Turnover rates are important as determinants of the level of activity in housing related industries, in effecting housing market adjustments, and in revealing prices in illiquid, highly segmented, informationally inefficient housing markets. This study examines the relative influence of structure features, tenure, household characteristics and neighborhood factors on ownership turnover rates. The study exploits a Chicago database of just under 50,000 paired sales of attached housing units, with at least one of the sales occurring between 1992 and June of 2002. Within the framework of a Cox proportional hazard model, we focus on a number of factors affecting turnover rates, including whether the housing unit is owner-occupied or rented at the time of sale, price at the time of sale, unit size, age, location in a tax increment financing district, housing density, structure size, year of sale, and neighborhood within Chicago (by Community Area). Finding strong spatial segmentation in turnover (hazard) rates, we further examine the capacity of four sets of Census-derived variables to explain the spatial variation. The household characteristics offer decidedly the strongest power in explaining the segmentation. Results from the hazard model, combined with results from the analysis of spatial variation suggest a household life cycle model of variation in turnover rates.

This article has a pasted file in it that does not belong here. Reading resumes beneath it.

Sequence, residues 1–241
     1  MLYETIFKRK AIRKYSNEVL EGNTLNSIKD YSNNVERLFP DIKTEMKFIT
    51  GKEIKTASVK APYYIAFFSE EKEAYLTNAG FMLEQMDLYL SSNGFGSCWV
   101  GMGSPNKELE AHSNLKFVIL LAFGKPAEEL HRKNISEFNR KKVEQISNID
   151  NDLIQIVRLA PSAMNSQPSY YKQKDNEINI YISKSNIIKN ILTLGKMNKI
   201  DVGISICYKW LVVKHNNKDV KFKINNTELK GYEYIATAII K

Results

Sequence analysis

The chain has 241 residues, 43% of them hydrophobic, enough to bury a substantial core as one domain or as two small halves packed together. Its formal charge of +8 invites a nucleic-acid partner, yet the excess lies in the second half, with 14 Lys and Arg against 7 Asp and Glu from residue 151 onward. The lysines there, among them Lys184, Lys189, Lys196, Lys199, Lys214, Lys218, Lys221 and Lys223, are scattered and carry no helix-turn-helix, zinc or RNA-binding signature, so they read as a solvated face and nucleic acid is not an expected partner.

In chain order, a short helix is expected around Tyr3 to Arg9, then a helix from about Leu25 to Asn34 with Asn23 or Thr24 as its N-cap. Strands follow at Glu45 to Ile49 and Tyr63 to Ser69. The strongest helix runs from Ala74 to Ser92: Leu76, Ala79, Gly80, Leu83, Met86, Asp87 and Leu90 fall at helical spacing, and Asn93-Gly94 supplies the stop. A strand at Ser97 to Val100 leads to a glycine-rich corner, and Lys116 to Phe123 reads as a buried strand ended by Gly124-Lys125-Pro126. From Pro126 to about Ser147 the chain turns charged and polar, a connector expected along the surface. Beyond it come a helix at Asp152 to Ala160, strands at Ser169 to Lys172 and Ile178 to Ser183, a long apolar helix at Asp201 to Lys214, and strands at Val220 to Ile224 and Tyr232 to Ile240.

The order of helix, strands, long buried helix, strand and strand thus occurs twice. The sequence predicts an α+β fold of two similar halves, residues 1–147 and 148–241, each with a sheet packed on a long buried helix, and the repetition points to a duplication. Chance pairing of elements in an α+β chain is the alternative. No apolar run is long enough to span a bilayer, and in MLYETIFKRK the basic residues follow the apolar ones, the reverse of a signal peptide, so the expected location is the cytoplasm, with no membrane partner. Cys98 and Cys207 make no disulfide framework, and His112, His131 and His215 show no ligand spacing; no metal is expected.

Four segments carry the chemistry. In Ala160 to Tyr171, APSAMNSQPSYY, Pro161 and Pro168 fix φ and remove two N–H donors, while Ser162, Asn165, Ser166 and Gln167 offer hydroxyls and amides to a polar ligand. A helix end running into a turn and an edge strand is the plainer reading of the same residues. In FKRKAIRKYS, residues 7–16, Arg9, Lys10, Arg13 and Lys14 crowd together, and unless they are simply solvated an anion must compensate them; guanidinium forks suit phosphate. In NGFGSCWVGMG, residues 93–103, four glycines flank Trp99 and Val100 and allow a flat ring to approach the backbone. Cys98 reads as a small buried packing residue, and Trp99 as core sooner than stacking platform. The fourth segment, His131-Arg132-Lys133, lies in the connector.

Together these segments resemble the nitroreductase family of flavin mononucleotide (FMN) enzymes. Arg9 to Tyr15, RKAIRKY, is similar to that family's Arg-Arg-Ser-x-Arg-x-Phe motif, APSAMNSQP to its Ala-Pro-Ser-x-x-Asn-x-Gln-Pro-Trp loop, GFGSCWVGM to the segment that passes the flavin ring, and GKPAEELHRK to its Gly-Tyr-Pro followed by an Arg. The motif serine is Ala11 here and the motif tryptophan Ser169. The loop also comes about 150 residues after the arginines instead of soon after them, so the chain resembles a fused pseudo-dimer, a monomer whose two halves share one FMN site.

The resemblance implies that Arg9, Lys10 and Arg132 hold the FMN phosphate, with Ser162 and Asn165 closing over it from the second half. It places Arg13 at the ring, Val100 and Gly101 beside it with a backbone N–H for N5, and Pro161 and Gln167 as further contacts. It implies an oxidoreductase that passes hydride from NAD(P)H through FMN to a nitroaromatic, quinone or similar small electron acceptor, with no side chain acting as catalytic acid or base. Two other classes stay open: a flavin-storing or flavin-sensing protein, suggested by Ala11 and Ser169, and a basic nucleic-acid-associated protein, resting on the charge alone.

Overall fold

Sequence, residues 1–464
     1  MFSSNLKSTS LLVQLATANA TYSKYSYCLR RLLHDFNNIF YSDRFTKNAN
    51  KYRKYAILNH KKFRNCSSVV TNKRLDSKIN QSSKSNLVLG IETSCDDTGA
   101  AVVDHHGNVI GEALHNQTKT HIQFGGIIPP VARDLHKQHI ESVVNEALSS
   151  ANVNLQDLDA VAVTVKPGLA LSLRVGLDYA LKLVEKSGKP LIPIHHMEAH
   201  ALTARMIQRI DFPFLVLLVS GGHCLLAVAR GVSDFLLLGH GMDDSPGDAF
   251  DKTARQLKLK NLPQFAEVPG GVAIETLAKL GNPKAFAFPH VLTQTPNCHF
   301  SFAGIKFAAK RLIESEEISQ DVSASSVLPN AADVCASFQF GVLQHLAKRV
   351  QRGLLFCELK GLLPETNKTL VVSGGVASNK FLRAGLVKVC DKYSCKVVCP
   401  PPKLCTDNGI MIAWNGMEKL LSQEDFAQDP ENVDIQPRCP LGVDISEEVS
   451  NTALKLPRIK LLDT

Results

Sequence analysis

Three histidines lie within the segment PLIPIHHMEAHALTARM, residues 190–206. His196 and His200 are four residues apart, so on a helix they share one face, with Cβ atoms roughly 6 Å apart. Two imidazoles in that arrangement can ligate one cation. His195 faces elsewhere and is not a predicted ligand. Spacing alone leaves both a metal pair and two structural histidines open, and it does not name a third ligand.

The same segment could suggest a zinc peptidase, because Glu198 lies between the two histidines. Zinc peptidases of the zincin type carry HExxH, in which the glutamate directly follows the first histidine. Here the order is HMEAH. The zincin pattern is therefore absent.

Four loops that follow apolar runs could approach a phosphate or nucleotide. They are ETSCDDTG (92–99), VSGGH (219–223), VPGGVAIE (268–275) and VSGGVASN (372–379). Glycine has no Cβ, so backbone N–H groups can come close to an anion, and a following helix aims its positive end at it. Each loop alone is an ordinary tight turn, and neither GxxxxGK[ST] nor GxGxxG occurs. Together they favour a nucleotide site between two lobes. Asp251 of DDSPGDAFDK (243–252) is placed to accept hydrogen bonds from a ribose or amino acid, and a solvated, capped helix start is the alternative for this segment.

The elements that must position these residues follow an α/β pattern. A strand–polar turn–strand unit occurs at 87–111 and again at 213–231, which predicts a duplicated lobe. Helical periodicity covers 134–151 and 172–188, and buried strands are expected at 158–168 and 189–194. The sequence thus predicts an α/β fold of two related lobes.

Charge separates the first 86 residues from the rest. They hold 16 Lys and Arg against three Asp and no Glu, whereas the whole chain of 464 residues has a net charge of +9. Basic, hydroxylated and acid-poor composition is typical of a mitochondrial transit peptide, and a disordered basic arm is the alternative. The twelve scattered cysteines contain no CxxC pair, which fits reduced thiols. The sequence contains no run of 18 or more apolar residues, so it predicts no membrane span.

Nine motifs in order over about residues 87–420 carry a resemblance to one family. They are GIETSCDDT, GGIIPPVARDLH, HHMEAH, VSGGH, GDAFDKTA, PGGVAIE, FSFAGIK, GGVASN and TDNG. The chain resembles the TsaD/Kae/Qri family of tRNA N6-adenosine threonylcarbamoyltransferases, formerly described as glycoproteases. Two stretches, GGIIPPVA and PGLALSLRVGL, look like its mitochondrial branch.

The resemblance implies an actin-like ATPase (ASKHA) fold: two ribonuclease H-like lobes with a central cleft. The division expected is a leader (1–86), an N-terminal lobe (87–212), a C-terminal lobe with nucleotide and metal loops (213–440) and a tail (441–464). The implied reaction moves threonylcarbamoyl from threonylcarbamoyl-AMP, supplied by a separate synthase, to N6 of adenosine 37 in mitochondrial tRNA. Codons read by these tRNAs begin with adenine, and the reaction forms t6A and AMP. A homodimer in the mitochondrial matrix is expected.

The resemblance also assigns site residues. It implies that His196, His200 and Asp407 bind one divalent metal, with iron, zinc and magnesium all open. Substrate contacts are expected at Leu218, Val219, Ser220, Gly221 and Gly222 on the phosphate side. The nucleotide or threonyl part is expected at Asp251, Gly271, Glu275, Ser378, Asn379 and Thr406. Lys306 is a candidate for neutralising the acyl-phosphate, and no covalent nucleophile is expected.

The Journal of Real Estate Finance and Economics – Springer Journals
Published: Jul 18, 2008
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